Whitehouse Applauds Focus on Seniors in Proposed Stimulus Measure
Washington, D.C. – In a speech on the Senate floor, U.S. Senator Sheldon Whitehouse (D-R.I.) applauded the inclusion of aid targeted to seniors in an economic stimulus package now being considered by the Senate.
Many seniors who rely on savings and Social Security benefits would not be eligible for assistance under a plan negotiated by President Bush and the House of Representatives. Concerned that thousands of Rhode Island seniors could be excluded from this proposal, Whitehouse wrote Senate leaders in January urging them to prioritize aid to older Americans.
Below are Whitehouse’s remarks as prepared for delivery.
I rise today to speak about the economic stimulus package now under consideration by the Senate, and specifically to address the crucial issue of how this package affects our senior citizens.
Not long ago, at one of my community dinners, a young man named Travis told me a story about his grandmother. She was in her nineties and taking several prescription medications, but was otherwise well enough to live on her own.
She had a walk-up apartment in Woonsocket, Rhode Island, and every day she went up and down her stairs as she went in and out to take care of errands, or to see her grandson.
But one day, she walked down those stairs and went to her pharmacy to pick up her prescriptions as usual – only to find that this was not a usual day. I’m sorry, she was told. You’ve fallen into the doughnut hole in the Medicare Part D program.
So she went back home and walked back up those stairs, and called Travis. Without any help from her Part D insurance, she couldn’t afford to pay both for her rent and for the medicines she needed. She was frightened, she told her grandson, that after years of living on her own, she might have to stop making payments on her apartment in order to afford her prescriptions. She might have to give up her independence.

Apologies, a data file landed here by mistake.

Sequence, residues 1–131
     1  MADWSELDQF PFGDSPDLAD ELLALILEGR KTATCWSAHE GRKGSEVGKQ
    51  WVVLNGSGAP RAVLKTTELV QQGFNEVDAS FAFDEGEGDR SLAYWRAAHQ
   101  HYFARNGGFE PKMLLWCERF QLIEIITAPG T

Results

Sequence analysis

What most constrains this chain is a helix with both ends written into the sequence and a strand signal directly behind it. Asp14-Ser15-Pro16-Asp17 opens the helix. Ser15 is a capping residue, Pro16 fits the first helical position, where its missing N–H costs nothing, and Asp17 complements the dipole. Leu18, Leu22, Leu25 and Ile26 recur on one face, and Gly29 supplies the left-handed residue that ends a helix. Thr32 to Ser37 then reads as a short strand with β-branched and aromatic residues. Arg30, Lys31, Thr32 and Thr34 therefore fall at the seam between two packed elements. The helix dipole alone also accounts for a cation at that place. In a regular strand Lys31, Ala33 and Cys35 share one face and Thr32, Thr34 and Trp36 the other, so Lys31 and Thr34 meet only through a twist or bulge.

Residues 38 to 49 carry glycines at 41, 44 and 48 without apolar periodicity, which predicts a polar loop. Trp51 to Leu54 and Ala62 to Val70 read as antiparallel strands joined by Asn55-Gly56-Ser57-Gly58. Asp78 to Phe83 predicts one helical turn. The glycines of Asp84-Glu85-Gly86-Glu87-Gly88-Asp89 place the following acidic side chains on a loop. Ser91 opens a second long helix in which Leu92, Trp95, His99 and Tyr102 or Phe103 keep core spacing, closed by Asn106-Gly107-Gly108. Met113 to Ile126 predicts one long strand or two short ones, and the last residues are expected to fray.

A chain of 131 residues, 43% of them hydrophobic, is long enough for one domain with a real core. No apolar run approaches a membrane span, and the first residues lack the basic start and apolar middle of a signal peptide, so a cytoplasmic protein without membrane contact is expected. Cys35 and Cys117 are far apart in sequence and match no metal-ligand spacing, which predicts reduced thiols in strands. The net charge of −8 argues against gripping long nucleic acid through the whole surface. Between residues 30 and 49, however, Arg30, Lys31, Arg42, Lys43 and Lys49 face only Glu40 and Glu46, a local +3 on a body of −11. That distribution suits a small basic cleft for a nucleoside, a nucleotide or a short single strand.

No one in this country – no one – should have to choose between her health and her home. But too many older Americans are making hard decisions like these every day – stretching fixed incomes to cover mortgage payments, heating bills, costly medications, even food.
As I’ve traveled all over Rhode Island, I’ve heard many stories like Travis’s. America’s seniors need to know that we are listening to them, that we have heard them, and that we will do all we can to help them make ends meet.
As our nation confronts uncertain economic times, this Congress is working diligently to provide help to those who need it most. When the initial agreement between the Administration and the House of Representatives on an economic stimulus proposal was announced, however, I was concerned that many seniors – one of the groups that most needs our aid – would be excluded.
Most seniors, who rely on Social Security benefits and savings and thus do not pay income taxes, would not be eligible for a tax rebate based on taxable income and delivered through the IRS. Indeed, 61 percent of seniors who receive Social Security benefits did not pay income taxes in 2006, the last year for which we have data.